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In routers and switches, active queue management (AQM) is the policy of dropping packets inside a buffer associated with a network interface controller (NIC) before that buffer becomes full, often with the goal of reducing network congestion or improving end-to-end latency. This task is performed by the network scheduler, which for this purpose uses various algorithms such as random early detection (RED), Explicit Congestion Notification (ECN), or controlled delay (CoDel). RFC 7567 recommends active queue management as a best practice.

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Queue managementEdit

An Internet router typically maintains a set of queues, one per interface, that hold packets scheduled to go out on that interface. Historically, such queues use a drop-tail discipline: a packet is put onto the queue if the queue is shorter than its maximum size (measured in packets or in bytes), and dropped otherwise.

Active queue disciplines drop or mark packets before the queue is full. Typically, they operate by maintaining one or more drop/mark probabilities, and probabilistically dropping or marking packets even when the queue is short.

Benefits of AQMEdit

Drop-tail queues have a tendency to penalise bursty flows, and to cause global synchronisation between flows. By dropping packets probabilistically, AQM disciplines typically avoid both of these issues.[1]

By providing endpoints with congestion indication before the queue is full, AQM disciplines are able to maintain a shorter queue length than drop-tail queues, which combats bufferbloat and reduces network latency.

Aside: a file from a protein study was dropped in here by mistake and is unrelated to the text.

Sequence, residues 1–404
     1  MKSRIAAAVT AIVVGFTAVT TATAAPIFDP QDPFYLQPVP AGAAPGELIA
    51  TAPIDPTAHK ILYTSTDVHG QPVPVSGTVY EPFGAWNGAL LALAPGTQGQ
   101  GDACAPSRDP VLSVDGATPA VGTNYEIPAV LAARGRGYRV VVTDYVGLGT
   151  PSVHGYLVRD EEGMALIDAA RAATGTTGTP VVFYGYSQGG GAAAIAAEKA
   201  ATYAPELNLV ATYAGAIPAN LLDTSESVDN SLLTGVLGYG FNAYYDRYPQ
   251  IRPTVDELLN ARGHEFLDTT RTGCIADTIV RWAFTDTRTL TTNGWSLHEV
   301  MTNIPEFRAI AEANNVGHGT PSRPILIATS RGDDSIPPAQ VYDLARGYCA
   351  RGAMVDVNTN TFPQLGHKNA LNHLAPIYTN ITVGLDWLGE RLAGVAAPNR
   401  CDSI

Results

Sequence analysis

Drawbacks of AQMEdit

Early AQM disciplines (notably RED and SRED) require careful tuning of their parameters in order to provide good performance, and have other problems from a control theoretic standpoint.[2] Modern AQM disciplines (ARED, Blue, PI, CoDel) are self-tuning, and can be run with their default parameters in most circumstances.

Network engineers have historically been trained to avoid packet loss, and have therefore sometimes been critical of AQM systems that drop packets (rather than using ECN marking): "Why should I drop perfectly good packets when I still have free buffer space?" This issue has been alleviated to a certain extent by educating network engineers about the benefit of active policies [3]).

The Simulation and Analysis Platform for AQM algorithmsEdit

An Active Queue Management and Denial-of-Service (AQM&DoS) Simulation Platform is established based on the NS-2 simulation code of the RRED algorithm. The AQM&DoS Simulation Platform can simulate a variety of DoS attacks (Distributed DoS, Spoofing DoS, Low-rate DoS, etc.) and Active Queue Management (AQM) algorithms (RED, RRED, SFB, etc.). It automatically calculates and records the average throughput of normal TCP flows before and after DoS attacks to facilitate the analysis of the impact of DoS attacks on normal TCP flows and AQM algorithms. More details.

Active queue management algorithmsEdit

ReferencesEdit

  1. ^ Floyd, Sally; Jacobson, Van (August 1993). "Random Early Detection (RED) gateways for Congestion Avoidance". IEEE/ACM Transactions on Networking. 1 (4): 397–413. CiteSeerX 10.1.1.147.3833. doi:10.1109/90.251892. Retrieved 2008-03-16.
  2. ^ C.V. Hollot, Vishal Misra, Don Towsley and Wei-Bo Gong, Analysis and Design of Controllers for AQM Routers Supporting TCP Flows
  3. ^ "The criminal mastermind: bufferbloat!". jg's Ramblings. Gettys.wordpress.com. 2010-12-03. Retrieved 2014-01-23.
  4. ^ Changwang Zhang, Jianping Yin, Zhiping Cai, and Weifeng Chen, RRED: Robust RED Algorithm to Counter Low-rate Denial-of-Service Attacks, IEEE Communications Letters, vol. 14, pp. 489-491, 2010. Ref
  5. ^ Changwang Zhang, Jianping Yin, and Zhiping Cai, RSFB: a Resilient Stochastic Fair Blue algorithm against spoofing DDoS attacks, in International Symposium on Communication and Information Technology (ISCIT), 2009. Ref
  6. ^ Ratul Mahajan, Sally Floyd, and David Wetherall, Controlling high-bandwidth flows at the congested router, ICNP 2001